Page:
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Wednesday, November 14, 2012

Modern Federalism: A Great Compromise - Part I: Rights

A Preface

Under our current political landscape, one of increasing divisiveness and abrasion, it is key, for political sanity, sanctity, and efficacy, to seek a common ground. Unfortunately, one main realization becomes clearer as each day passes: the larger the political divide grows, the more difficult it becomes to reach that mutual, common-ground goal.

Before we appreciate why Modern Federalism is truly a prodigious compromise, and before we discuss the various mechanisms by which it is, it is important to preface a discussion about this endeavor with a mastery, both in understanding and execution, of the very set of ideas around which most of our political and ideological disagreements revolve: rights.

Of all things manifest, rights are perhaps the most sacred, protected, and revered. As Americans, we cherish our American rights, and from the time of our country's founding until eternity's end, we will fight for our American rights until we're at death's door. These rights, while safeguarded and treasured, are often misunderstood. Regardless of an individual's religious beliefs or lack thereof, rights are often thought of as a divinely-granted proposition. This, however, couldn't be further from the truth.

While the very notion of what I'm about to say might cause some to gasp, it's a reality few comprehend. Rights, regardless of their perceived heavenly origins, are simple permissions granted and protected by a society. In other words, rights are nothing more than a set of laws by which a group of people decided to adhere. The cultures, views, religious beliefs, etc. of a group of people that decide the rights they will protect in one country or region are inherently different from those of a group of people that decide upon the rights they will protect in theirs. Rights are absolutely shaped by many factors including culture, geography, climate, religion, and other endogenous characteristics. Conversely, rights are not granted by God, Buddha, Muhammad, or any other spiritual being or concept, and in spite of what Hobbes and Locke might say, they're not an automatic condition inherently preserved by and executed in nature. They are not limitless, as one cannot engage in libel though free speech and freedom of the press are protected by the Constitution, and they are forever changing. As I alluded, many people might take this as an abhorrent attack on freedom and religion all in one. It's understandable, and one of the reasons for this expected sentiment is because we are accustomed to our Constitutionally-granted American rights. It's not an attack, and I beg for patience, a clear head, and an open mind as we progress.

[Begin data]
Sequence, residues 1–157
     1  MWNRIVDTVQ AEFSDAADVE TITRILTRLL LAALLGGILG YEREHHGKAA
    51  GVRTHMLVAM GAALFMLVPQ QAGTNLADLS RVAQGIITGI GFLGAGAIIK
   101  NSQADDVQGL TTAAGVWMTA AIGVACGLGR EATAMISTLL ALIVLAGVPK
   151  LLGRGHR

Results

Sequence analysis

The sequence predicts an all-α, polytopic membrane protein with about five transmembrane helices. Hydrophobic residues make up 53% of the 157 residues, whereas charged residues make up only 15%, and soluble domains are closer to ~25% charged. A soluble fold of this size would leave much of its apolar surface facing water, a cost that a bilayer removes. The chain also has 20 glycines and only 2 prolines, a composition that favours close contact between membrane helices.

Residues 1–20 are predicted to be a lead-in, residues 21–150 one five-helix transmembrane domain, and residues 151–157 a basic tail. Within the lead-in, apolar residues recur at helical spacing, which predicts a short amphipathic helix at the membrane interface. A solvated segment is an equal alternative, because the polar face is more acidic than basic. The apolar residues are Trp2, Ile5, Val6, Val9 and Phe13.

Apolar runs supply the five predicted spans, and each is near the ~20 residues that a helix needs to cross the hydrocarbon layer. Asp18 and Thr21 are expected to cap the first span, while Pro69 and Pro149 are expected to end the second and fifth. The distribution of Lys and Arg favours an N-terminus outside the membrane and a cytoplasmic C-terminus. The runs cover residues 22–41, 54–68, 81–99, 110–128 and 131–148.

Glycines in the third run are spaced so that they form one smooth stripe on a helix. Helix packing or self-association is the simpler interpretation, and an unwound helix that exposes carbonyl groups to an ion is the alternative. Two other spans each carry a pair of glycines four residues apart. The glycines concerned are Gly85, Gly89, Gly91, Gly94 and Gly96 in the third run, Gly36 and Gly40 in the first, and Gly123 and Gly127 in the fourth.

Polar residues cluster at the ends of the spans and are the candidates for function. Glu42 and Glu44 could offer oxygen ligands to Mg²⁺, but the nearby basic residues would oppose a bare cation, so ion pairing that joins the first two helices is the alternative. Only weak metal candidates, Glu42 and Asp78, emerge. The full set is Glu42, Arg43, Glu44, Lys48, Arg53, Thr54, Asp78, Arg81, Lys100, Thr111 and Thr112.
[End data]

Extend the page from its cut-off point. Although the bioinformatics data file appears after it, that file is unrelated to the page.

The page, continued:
One of the best ways to look at rights is though the examination of anecdotal examples. Before we do this, I ask that you do your best to step away from the pre-existing notion of American rights. I say this because, as mentioned previously, we are predisposed to view rights through the lens of our Constitution. While yes, I cherish and am forever thankful for our Constitution, it embodies, to a "T," the very notion of society-granted, man-protected rights. It was crafted, by men, via a semi-democratic process, to protect the basic concepts and desires a young nation sought.